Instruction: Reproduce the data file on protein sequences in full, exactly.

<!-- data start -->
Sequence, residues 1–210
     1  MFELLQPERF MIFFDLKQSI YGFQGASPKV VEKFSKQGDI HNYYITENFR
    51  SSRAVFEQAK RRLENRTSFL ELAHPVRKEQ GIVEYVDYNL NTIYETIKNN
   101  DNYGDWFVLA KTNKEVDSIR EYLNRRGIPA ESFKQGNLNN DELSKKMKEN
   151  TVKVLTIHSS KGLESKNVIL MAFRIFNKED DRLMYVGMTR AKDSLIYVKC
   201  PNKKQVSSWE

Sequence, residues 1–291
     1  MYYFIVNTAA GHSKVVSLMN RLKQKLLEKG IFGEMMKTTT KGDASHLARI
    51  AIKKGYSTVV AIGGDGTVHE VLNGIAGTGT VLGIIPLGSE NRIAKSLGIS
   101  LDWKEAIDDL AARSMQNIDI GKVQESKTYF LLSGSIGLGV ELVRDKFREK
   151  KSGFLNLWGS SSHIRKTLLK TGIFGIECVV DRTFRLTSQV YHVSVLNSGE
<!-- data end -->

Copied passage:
Sequence, residues 1–210
     1  MFELLQPERF MIFFDLKQSI YGFQGASPKV VEKFSKQGDI HNYYITENFR
    51  SSRAVFEQAK RRLENRTSFL ELAHPVRKEQ GIVEYVDYNL NTIYETIKNN
   101  DNYGDWFVLA KTNKEVDSIR EYLNRRGIPA ESFKQGNLNN DELSKKMKEN
   151  TVKVLTIHSS KGLESKNVIL MAFRIFNKED DRLMYVGMTR AKDSLIYVKC
   201  PNKKQVSSWE

Sequence, residues 1–291
     1  MYYFIVNTAA GHSKVVSLMN RLKQKLLEKG IFGEMMKTTT KGDASHLARI
    51  AIKKGYSTVV AIGGDGTVHE VLNGIAGTGT VLGIIPLGSE NRIAKSLGIS
   101  LDWKEAIDDL AARSMQNIDI GKVQESKTYF LLSGSIGLGV ELVRDKFREK
   151  KSGFLNLWGS SSHIRKTLLK TGIFGIECVV DRTFRLTSQV YHVSVLNSGE